Notes from the Past

Used Dollar Value Columbians

High value Columbians in used condition were very scarce even in 1894, a year after their issue.  There was a big demand for them from Europe where the used stamp was far more popular than the unused copy, but there was little commercial use of high values here and dealers were unable to fill orders.  A St. Louis dealer, then prominent in the stamp trade, made arrangements to get used dollar values through a postmaster in a small Illinois town, in a scheme whereby the dealer would acquire them below face.

The compensation of postmasters in small offices was rated according to the business of the office based on the face value of the stamps they cancelled.  Hence a conspiracy was set up between the dealer and the postmaster after which dummy packages weighted to require the dollar value Columbians, were sent through the post office, and the stamps carefully cancelled.  The postmaster then kicked back part of his additional salary to the dealer so that the latter was able to get stamps, neatly used, and at somewhat less than face value.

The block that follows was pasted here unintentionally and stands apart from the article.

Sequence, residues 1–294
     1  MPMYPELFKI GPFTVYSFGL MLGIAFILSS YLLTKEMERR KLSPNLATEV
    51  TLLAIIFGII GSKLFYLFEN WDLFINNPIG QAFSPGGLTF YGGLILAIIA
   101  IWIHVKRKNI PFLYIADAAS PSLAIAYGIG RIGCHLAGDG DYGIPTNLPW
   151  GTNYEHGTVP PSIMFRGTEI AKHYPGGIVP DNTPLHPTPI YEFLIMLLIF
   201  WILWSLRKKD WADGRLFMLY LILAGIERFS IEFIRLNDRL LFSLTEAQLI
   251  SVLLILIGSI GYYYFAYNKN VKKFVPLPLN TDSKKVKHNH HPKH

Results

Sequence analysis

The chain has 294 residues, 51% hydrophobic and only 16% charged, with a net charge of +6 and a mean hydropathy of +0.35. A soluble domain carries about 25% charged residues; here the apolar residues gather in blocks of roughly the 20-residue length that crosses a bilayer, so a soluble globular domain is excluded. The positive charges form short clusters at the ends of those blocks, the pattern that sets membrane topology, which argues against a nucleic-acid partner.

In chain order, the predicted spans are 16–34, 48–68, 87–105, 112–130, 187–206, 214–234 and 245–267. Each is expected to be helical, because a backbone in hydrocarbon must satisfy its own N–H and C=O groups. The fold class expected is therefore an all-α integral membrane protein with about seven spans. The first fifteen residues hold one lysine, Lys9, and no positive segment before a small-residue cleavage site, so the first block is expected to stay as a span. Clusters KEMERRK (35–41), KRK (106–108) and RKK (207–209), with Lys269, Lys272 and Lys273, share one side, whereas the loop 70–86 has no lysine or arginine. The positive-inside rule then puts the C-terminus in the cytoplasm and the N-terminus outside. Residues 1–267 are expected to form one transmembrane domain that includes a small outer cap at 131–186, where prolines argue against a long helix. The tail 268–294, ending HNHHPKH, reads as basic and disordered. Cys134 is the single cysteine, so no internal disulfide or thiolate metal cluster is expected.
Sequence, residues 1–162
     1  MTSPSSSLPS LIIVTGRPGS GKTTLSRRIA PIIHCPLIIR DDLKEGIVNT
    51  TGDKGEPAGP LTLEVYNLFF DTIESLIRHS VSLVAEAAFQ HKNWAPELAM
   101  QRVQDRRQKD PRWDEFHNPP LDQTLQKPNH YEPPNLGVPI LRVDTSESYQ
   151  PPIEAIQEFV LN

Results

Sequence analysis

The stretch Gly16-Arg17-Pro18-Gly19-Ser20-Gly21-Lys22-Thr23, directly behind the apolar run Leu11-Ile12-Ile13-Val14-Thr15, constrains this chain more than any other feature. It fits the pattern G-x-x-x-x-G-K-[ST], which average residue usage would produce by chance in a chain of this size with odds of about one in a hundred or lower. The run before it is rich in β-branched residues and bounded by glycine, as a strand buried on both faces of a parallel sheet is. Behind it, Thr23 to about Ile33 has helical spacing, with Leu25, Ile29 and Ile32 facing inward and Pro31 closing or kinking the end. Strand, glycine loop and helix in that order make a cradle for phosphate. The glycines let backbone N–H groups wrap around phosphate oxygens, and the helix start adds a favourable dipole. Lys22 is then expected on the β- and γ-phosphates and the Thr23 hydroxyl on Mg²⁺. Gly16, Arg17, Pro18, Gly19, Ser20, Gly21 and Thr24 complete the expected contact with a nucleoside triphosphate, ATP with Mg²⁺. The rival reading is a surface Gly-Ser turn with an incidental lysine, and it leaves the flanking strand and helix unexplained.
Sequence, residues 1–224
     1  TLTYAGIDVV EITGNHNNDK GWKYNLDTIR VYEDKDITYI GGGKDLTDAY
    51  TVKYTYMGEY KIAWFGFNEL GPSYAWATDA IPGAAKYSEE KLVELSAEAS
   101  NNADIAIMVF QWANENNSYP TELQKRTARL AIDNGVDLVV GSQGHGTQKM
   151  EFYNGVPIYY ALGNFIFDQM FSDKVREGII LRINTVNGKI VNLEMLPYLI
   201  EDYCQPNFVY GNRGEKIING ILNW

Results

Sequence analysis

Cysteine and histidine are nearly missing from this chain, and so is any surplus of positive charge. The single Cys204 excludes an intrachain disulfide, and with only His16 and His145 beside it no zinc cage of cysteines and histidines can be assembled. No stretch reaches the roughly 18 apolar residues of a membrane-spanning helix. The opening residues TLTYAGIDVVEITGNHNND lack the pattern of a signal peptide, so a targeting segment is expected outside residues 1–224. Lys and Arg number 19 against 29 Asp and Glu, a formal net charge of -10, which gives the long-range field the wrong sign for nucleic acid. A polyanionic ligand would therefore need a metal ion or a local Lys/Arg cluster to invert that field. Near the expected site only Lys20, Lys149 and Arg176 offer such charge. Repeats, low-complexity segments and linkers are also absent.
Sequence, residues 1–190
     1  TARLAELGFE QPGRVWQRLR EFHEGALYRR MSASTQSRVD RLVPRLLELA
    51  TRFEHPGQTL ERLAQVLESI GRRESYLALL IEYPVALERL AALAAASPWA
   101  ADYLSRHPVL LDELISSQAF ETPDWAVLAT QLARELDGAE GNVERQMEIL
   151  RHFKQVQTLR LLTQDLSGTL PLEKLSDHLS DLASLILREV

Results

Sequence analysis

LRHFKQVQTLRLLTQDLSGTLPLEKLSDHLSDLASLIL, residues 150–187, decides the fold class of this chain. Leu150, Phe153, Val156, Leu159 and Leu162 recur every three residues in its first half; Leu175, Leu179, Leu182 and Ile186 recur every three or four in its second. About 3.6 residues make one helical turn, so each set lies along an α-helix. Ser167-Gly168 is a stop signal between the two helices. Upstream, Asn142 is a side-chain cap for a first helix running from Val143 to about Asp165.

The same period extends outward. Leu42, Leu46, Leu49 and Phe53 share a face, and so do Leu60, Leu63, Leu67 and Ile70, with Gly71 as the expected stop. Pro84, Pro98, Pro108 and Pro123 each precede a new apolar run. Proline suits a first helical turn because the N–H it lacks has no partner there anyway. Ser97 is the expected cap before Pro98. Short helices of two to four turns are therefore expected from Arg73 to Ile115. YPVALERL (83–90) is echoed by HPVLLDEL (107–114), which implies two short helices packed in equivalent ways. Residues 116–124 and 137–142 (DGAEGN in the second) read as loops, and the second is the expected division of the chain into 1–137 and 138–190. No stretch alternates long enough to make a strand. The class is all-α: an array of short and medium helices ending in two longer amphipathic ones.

Everything worked well for a time until the Post Office inspectors learned of the scheme and broke it up.  The stunt was not new and has been pulled repeatedly.  Even recent years saw a similar racket worked with special delivery letters.  

- George B. Sloane
Sloane's Column
Stamps
June 12, 1956

Posted August 6, 1999

Index of 508 Notes from the Past

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